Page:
Two methods for treating anxiety
Written by listed counsellor/psychotherapist: Dr Alexander Fox-Choice Counselling at Harley Street
31st January, 20180 Comments
Pluralistic counselling involves using a wide variety of different methods to treat the spectrum of mental health conditions. Indeed, the ‘plural’ in pluralism implies that there is usually more than one way to approach a given problem, and furthermore, different approaches can be used together to benefit clients more.
In the spirit of pluralism, I offer two different ways of conceptualising anxiety and working with it. Please feel free to use either of them or both of them, as your needs require.
The intrasubjective model
This model basically contends that feelings of anxiety are an inner experience, as they belong to the person so afflicted. In many respects, this viewpoint accords with common sense.
Now the reason why it is called an intrasubjective model is that it proposes that when we feel negative feelings, including anxious feelings, we tend to distance ourselves from them, as we don’t want the discomfort or indeed the pain. So a pernicious inner conflict between parts is established. In essence, what we do is treat such feelings as ‘not me’ even though they are part of my inner world.
Anxiety, as I said, is no exception. Quite often, those that suffer more acutely from anxiety are ones that find it difficult to experience anxious feelings and so they try, in some way, to ‘flee’ from them. This attitude is premised upon the view that you ‘shouldn’t’ have anxious feelings, and that those feelings are not revelatory about anything in your world.
The intrasubjective model suggests otherwise, as it proposes that if you want to ease your distress, you should treat your anxiety as both yours (as much as it is uncomfortable to do so) and conveying a valuable (if not always accurate) message about what is happening in your inner and outer world. To adopt this attitude is to heal the schism between ‘me’ and ‘not me’, and to find practical ways of addressing your anxiety once you know more what it is about.
So, if you wish to try this approach, as counterintuitive as it might seem, try and approach your anxiety with a welcoming attitude and ask it to ‘speak’ to you. You might want to write out what your anxiety is ‘saying’ or you might want to voice it aloud when you have a private moment. Adopting a warm curiosity towards your anxiety and giving it expression, may allow you to discover more about how you’ve been feeling.
Externalising your anxiety
This approach is quite dissimilar to the one above. Where the intrasubjective model counsels taking ownership of one’s anxiety, the externalising approach, culled from narrative therapy, proposes that you treat it as an entity independent of yourself that nevertheless you ‘encounter’ in certain situations.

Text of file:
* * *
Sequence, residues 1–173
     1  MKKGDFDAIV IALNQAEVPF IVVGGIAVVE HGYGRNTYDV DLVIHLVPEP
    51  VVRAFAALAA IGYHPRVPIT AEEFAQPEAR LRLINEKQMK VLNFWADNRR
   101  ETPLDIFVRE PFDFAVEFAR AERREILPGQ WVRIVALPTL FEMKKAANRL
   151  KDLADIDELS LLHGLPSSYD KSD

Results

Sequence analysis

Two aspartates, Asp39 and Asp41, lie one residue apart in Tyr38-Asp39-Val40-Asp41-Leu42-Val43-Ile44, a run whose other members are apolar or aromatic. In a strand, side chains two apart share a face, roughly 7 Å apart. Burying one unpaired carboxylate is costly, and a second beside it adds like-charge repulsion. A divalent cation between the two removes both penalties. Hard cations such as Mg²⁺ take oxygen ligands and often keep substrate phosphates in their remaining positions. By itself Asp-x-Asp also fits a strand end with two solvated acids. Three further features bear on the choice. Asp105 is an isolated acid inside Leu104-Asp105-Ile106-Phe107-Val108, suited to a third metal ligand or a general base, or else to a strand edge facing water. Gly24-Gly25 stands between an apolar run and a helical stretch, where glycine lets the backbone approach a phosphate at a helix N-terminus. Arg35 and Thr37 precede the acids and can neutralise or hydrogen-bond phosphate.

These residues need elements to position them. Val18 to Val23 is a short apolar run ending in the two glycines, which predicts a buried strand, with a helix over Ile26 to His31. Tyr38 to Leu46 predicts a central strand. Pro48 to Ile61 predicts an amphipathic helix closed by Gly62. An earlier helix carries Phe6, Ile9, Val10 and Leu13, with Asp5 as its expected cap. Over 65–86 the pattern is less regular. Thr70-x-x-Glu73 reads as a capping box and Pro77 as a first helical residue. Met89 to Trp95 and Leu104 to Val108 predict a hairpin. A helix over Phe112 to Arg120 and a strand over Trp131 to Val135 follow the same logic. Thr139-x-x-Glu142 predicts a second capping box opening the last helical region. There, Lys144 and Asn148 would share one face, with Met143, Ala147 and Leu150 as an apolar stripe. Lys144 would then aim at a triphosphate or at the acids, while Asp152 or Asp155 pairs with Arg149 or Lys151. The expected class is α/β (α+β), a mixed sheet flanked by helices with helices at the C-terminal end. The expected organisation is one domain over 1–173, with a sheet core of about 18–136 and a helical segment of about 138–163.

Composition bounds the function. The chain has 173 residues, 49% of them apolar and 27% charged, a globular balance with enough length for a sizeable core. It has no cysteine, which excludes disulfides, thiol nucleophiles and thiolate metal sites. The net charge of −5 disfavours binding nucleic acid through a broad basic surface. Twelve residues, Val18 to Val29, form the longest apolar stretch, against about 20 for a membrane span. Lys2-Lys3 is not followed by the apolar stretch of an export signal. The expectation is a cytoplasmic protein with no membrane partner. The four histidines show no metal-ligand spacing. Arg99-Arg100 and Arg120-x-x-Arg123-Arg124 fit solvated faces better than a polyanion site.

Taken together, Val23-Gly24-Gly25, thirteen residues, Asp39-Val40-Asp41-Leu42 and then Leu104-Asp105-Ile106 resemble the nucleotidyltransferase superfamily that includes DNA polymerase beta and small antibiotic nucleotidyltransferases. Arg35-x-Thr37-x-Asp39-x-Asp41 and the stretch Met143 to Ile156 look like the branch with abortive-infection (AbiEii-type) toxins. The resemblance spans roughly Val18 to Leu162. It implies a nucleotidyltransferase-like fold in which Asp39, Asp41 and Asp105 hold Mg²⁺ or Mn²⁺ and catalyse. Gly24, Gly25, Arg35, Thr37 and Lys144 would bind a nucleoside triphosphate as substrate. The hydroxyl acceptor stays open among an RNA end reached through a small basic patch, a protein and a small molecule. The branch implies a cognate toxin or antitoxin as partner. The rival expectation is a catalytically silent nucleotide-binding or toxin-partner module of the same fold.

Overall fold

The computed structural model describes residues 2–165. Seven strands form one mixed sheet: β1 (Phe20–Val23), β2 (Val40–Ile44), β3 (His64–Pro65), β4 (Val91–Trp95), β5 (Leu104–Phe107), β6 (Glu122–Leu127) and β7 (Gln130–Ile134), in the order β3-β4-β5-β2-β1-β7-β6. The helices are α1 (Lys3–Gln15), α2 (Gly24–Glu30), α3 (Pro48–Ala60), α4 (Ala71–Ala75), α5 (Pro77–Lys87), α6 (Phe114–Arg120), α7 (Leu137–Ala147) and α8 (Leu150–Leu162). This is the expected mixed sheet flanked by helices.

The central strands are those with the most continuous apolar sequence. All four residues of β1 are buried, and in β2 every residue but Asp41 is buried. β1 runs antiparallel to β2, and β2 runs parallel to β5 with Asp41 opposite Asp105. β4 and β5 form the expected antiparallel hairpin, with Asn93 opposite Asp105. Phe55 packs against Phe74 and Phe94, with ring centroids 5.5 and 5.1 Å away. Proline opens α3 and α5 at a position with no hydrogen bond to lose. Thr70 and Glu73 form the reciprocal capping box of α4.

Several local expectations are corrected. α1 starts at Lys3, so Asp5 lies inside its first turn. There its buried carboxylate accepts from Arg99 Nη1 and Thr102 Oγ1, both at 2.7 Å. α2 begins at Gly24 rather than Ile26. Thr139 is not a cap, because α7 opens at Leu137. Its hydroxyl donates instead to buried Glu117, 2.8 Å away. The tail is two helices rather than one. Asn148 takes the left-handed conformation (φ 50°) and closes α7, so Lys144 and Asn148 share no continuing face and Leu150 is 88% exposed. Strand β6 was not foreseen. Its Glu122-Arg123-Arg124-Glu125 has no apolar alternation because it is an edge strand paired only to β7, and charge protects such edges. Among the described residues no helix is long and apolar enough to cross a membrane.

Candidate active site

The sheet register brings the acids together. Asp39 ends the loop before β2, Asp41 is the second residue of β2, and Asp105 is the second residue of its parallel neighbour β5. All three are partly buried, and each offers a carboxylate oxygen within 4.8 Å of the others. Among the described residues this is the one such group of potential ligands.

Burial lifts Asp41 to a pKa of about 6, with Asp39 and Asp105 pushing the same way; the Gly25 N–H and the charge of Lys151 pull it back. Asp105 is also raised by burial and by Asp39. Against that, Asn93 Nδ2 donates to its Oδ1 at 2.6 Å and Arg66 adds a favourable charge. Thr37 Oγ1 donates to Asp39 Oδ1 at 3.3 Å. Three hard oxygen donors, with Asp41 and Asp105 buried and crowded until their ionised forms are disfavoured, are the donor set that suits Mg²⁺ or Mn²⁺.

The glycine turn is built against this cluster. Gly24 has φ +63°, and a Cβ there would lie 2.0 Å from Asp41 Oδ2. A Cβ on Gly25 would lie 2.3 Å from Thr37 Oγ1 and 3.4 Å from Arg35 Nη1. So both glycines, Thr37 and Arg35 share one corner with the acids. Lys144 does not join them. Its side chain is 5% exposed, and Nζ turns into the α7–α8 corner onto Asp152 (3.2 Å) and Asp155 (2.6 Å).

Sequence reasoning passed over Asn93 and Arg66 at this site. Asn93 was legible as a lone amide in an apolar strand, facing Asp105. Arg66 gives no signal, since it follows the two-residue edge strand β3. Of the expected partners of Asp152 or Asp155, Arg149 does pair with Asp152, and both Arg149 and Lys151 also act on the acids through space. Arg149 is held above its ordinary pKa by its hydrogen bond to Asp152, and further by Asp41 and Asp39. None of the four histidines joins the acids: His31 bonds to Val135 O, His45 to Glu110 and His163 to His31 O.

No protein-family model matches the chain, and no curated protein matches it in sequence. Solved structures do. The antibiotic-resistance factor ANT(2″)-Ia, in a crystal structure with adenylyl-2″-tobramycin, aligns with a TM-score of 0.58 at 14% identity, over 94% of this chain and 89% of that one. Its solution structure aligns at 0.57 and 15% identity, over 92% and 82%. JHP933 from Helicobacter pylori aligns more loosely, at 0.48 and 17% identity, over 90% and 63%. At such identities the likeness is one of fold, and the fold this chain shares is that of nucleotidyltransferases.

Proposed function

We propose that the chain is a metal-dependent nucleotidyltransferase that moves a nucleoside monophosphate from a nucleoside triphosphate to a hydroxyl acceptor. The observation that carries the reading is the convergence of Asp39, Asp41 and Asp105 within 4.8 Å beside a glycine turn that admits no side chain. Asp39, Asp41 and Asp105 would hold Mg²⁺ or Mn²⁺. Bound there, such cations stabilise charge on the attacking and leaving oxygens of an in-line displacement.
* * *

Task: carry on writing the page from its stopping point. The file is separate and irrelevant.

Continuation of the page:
Such an outlook might seem positively bizarre. You might be wondering, ‘How could my anxiety be something external to myself?’ According to the externalising method, however, our feelings are not simply personal property, so to speak, but are social constructions (so, for example, that anxiety you might feel in an unfamiliar social setting could be class anxiety, which isn't simply something internal). The narrative approach assumes, then, that your anxiety is created by particular social situations with their concomitant beliefs, and that by externalising your anxiety you are able to get a better handle on when you ‘encounter’ your anxiety. Thus, knowledge of this kind can lead you to:-
One - transform how you conceive these situations.
Two - reinforce the parts of your life where you don’t feel anxious.
The first step of externalising is to objectify your anxiety, as if you were referring to an entity outside of yourself. So, you can call it ‘the anxiety’ (it’s often suggested in narrative therapy to capitalise the feeling) or some other name that captures the feeling (e.g. ‘the jitters’ or ‘the mean reds’).
After you have done this, you can ask questions of the anxiety, such as ‘Where do I often encounter you?’ ‘What kind of situations do you avoid?’ ‘What do you believe about me, about others and about the world?’ and ‘What would make you feel you don’t need to visit more often?’
Such questions can aid you in understanding the contextual component of your anxieties, which might be obscured when you treat them as part of your inner self.
If you find these methods helpful and wish to deepen your work in this area, one way of doing this is to get in touch with a pluralistic counsellor, as they can provide you with a variety of methods to treat your anxiety (or other mental health condition).
About the author
I am a counsellor with three private practices across the country (Harley street, London; Dundee; St. Andrews). I am trained to Masters level in pluralistic counselling, and I utilise a wide variety of different therapeutic approaches when working with clients. I also have a doctorate in English literature and my literary training informs my work.
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